An elder in our district told me and Sister Mcknight this week "Ever since you guys cried two days in a row ive been carrying around this hankercheif in my pocket" SO PRESH RIGHT?! melted my heart, but also it makes it sound like we are emotionally unstable AHHHHHHHah

I officially speak Portugles, which consists of really bad Portuguese plus really medicocre Ingles.

President Swenson, the CTM president, loves me and Sister McKnight. It's probably safe to say that we have the "favorites" title in the bag. we make hearts with our hands at him and he makes them back and the one day we tried to speak all portuguese, He and his wife overheard so basically they are really impressed and yeah thats that.

In reality, we are very bad at portuguese hahaha. We will be having a 3 minute conversation with someone, responding yes yes oh cool yeah wow, and we walk away and Mcknight asks me "what was she talking about?" and ill reply "i have no idea" and thats life and it makes me laugh.

The spirit of God in this place is unreal! It is so awesome to feel so wonderful and happy all the time, even when im exhausted. 

Until next week,
Paz e bencoes,
Sister Labios 
Just put 3 stamps on it or take it to post office for exact amount.

Thursday, November 12, 2015

We laugh until we cry, and we cry until we laugh!

Oi familia e amigos!

i´m in Brazil! the past 7 days have LITERALLY FELT LIKE 2 MONTHS. not even kidding. it is so weird. I´ve never been so productive in my entire life. like every hour of every single day is so plannned out to do something it´s so weird. AND WHAT PEOPLE DONT TELL YOU ABOUT MISSIONS IS THAT YOU ARE LITERALLY EXHASUTED ALL THE TIME. IM SO TIRED. ONLY LIKE 17 MONTHS AND 3 WEEKS TO GO. 

Ok holy cow where do i even start?

so i sat next to this guy on my first flight to LAX and basically he asked me out and i was like `sorry mister im a sister´. but i mean i gave him a book of mormon so #flirttoconvert amiright? (I AM JUST KIDDING. I WAS NOT EVEN FLIRTING. (this message is specifically directed at Brother Joey Danneman))

OK my companion is like literally one of my favorite people ever. Her name is Sister McKnight, she´s from Ohio, and we are the same person. It´s kind of scary how similar we are. It basically just means that we pretty much pee from laughing so hard every single day (ok not literally). Really though we are so funny. I wish I had written down every funny thing we´ve ever said in a book so I could sell it because we are hysterical. The other Elders in our district think we are insane, and I can´t argue. Most of our funny things involve asking how to say weird things in Portuguese ´Como se diz 'crap'?' 'Como se diz 'kidnap'?" 'Como se diz 'I really don´t appreciate your attitude right now'?" we are two hysterical peas in a party pod. 

So heres the thing: Portuguese is kicking my butt. I've learned SO much in the week that I've been here and can sometimes hold a conversation if they are speaking pretty slow, but yeah it´s tough stuff. we taught a lesson to an investigator the second day we were here, and have every day since. SO basically that is equivalent to alot of mental breakdowns and our instructors having to learn to console two crying american sister missionaries saying "nao falo portuguese" (i dont speak portuguese"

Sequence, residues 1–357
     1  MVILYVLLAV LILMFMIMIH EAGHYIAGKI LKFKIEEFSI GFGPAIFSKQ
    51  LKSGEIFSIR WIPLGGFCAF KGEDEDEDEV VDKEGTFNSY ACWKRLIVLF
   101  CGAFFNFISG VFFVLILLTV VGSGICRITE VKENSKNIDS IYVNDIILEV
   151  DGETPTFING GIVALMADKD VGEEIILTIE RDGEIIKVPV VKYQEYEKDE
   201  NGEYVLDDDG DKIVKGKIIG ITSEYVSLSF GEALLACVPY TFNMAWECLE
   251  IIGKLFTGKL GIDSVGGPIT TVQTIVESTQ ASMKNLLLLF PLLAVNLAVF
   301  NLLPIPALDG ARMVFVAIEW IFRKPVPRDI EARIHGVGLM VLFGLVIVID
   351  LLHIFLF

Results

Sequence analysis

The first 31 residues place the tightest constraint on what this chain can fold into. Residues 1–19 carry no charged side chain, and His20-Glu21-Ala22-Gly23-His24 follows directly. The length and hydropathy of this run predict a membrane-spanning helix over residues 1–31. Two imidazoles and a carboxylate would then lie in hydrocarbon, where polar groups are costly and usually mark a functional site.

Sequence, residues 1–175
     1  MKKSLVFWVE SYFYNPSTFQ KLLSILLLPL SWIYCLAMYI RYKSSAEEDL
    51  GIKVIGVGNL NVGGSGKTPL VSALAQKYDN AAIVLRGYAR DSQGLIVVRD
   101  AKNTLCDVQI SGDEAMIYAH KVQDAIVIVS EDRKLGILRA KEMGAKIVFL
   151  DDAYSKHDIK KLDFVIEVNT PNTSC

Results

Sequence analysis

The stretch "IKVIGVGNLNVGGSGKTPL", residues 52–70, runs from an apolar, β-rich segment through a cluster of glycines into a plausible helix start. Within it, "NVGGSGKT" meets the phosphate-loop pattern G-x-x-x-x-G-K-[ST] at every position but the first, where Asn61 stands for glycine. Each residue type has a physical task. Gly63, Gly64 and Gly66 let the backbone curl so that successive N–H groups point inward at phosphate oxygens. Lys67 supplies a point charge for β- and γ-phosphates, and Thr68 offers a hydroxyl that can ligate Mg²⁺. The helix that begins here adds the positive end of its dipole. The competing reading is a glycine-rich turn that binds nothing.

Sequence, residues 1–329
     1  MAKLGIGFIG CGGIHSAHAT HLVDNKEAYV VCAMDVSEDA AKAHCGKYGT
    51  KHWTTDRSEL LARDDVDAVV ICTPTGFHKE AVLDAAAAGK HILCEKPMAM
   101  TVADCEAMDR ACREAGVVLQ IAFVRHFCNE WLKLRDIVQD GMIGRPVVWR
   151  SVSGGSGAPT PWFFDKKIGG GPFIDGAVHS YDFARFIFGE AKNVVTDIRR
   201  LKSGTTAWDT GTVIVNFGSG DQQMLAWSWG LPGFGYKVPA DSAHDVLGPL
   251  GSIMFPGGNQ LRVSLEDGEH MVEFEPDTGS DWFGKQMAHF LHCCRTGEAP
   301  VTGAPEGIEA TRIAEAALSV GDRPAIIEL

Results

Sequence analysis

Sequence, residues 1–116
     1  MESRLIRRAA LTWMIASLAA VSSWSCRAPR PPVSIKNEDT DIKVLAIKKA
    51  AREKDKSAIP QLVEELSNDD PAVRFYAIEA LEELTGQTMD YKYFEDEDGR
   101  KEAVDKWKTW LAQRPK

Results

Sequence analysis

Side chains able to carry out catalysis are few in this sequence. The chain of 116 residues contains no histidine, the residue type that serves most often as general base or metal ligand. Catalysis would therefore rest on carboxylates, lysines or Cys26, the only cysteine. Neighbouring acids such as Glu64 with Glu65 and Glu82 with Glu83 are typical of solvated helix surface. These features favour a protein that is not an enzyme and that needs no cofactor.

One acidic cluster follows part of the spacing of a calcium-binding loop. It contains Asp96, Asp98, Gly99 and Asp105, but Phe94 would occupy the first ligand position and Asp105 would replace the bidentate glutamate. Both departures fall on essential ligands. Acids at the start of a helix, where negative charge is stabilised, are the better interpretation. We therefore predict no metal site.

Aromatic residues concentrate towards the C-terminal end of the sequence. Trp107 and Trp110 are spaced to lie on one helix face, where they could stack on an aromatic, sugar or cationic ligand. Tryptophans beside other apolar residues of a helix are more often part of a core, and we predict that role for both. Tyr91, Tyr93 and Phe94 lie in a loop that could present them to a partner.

I've already had some of the toughest moments here but also some of the best. ITS A CRAZY LIFE IM LIVING. oh and you see how often im using all caps in this email? that is about how often Me and Sister Mcknight are yelling random things in portuguese in our classroom. also we make up words in Portuguese when we dony't know the actual word for it and it's freaking funny.

basically what ive learned so far is that being a missionary is like studying all day to take a really hard final at the end of it (aka teaching a lesson) and after your head really hurts and you kind of feel relieved, but not really because tomorrow you have to take another really difficult final. and thats just how it goes, every day. 

oh funny thing: apparently Brazilian Elders really have a thing for blonde american girls because my comp and I (she's blonde too) have already had multiple guys ask us for our emails???? Uhhhhhhhhh LOCK YOUR HEARTS ELDERS! SEND THE KEY TO YOUR MOM!

The food here is most of the time FREAKING AMAZING but sometimes VERY QUESTIONABLE. Literally the desserts here are just different colored jello consistency pudding things. I dont even know. but it cracks me up because every day imn like "what color is it going to be today??" 

Lol we just laugh alot here and it's amazing because things really arnt that funny but it just is.


Also apparently there isnt a way for us to send pictures here, which is totally a bummer but Ill get some for you when I get outta the CTM and into the mission field (which is going to be so scary by the way)